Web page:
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Cascadel Woods Residents Work Together To Be Firewise

Written by Aimee Cox — 

Anne Poplarchick, Cal Fire Prevention/Defensible Space Inspector; Simon Elman, Volunteer in Prevention/Cal Fire and Cascadel Fire Brigade Member; and Natasha Noble, Cal Fire Defensible Space Inspector – photo courtesy of Carol Eggink

NORTH FORK — The community of Cascadel Woods hosted it’s annual Firewise Day on Saturday, May 20, at the Cascadel Clubhouse. Guest speakers included Cal Fire, Forest Service, PG&E, and Citizens on Patrol (COPs).

Cascadel Woods has been a Firewise Community since 2012 and hosts this annual event in order to provide valuable information to residents on wildfire preparedness, fire and electrical power line safety in the event of an emergency, and to educate the community on specific ways they can prepare for wildfire.

Over the last few years, Cascadel residents have had to evacuate due to several wildfire events, most notably the Willow Fire of 2015 and last year’s North Fork Fire that raced up the hillside below the community near the Old Mill Site.

The threat of wildfire remains, and in response, the Cascadel Woods Property Owners Association (CWPOA) Board of Directors pursued several grants with local partners and have successfully been awarded funds to assist residents in dealing with the tree mortality situation. Over 3,000 trees have been left dead from the drought and bug kill epidemic in the community.

The grant funds were awarded through the California Fire Safe Council and Cal Fire’s more recent Tree Mortality grant programs. Both grants allow for contract tree falling and removal from private properties within the Cascadel Woods subdivision.

Approximately $40,000 was spent during the month of May alone to remove these hazards with an additional $63,000 awarded under a second grant already under contract. The work is being performed by Shane Killian Construction.

Shane Killian, local owner/operator, is excited to assist the community and “see everybody working together, putting forth positive efforts and helping out their neighbors” with the tree removal efforts.

The grants are being administered by the Yosemite Sequoia Resource Conservation and Development Council (YSRCDC) and the Foundation for Resource Conservation, Inc., both local non-profits, with on-the-ground assistance and in-kind match from the Cascadel Woods Property Owners Association (CWPOA) and Cascadel Woods Mutual Water Company, including traffic control, logistics and record keeping and reporting.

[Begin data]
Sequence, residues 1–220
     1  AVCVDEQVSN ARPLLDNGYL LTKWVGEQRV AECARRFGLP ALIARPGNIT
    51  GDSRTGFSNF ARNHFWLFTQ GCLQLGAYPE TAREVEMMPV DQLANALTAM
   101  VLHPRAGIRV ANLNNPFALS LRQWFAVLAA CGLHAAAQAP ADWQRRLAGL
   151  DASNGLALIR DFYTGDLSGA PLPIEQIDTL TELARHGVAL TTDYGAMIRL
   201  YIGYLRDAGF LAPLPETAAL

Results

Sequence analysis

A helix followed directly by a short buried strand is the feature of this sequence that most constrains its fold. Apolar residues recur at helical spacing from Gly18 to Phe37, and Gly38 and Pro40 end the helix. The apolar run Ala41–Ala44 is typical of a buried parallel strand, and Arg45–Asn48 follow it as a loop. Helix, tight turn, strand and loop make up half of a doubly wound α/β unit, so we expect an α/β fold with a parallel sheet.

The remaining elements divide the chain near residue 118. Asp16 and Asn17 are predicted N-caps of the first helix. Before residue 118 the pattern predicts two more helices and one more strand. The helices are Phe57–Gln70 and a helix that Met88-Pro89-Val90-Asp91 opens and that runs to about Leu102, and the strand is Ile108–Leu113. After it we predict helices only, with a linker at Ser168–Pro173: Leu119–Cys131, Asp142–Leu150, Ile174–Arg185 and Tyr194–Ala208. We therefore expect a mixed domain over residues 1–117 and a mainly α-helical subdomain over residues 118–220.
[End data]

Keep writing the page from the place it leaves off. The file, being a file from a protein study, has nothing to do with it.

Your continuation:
In addition, the Cascadel Firewise Committee and Cascadel Fire Brigade are supporting these grants with in-kind match of labor including monthly chipping days to assist residents with reducing the community’s wildfire risk through a generous loan of a chipper from YSRCDC.

A Wildfire Community Preparedness Day event was held on May 6 in Cascadel Woods as part of a $500 grant received from the National Fire Protection Association sponsored by State Farm, who generously awarded a similar grant to the community last year.

A major factor of the success of this work has been the assistance and coordination with Cal Fire’s Mount Bullion Crew which has been assisting the community for several weeks by supporting an in-kind match for the grant of 20 crew days.

The Mount Bullion crew’s work has enabled the grant funds to go further by allowing the crews to cut dead hazard trees while the contract crew comes in behind them to remove and haul the logs to a storage facility located at the Old Mill Site. The Mount Bullion crew can then resume collecting and chipping the hazardous fuels and slash left behind.

“Working together by following up behind the contractors has allowed us to maximize the workload,” said Matt Arebalo, Cal Fire’s Fire Captain for the Mount Bullion Crew. “It is also great for the inmates doing the work to know it is for a good cause for the benefit of this community.”

All of this work to remove dead trees and address the tree mortality situation in Cascadel Woods is also being complemented through PG&E’s debris removal program which provides free assistance to residents by removing logs that were felled by PG&E from their properties. Previous contract tree removal work up to $33,000 through PG&E’s Hazardous Fuels Reduction grant program assisted the community through cutting and removal of dead trees on properties within the subdivision earlier this year.

During his presentation at the Firewise Day, Dan Tune, U.S. Forest Service Fire Prevention Battalion Chief, commended the community on their hard work and notable efforts to reduce risk of wildfire. These sentiments were shared by Natasha Noble, one of several Cal Fire representatives at the event who are currently conducting defensible space inspections on properties in Cascadel Woods. The inspections help to ensure that residents are performing their hazard clearing in a timely manner, and provide helpful tips and suggestions through their Ready For Wildfire campaign.

It is estimated that over one-third of the dead trees have been removed from Cascadel Woods. However, more work is needed to continue efforts to address the tree mortality, and with that remains a need for further assistance and grant funding. The CWPOA Board of Directors is currently researching other grant opportunities to assist our continued efforts in removing hazard trees and reducing our risk of wildfire.

Residents are very concerned with Governor Jerry Brown’s recent announcement of a revision to the 2017-2018 state budget which proposes a $50 million cut reducing funds to just $2 million Statewide in tree mortality funding and wondering what that means for communities that are still at risk from the lasting effects of the drought and tree mortality.

Before and After pictures of all the community’s hard work. (All photos courtesy of Carol Eggink.)

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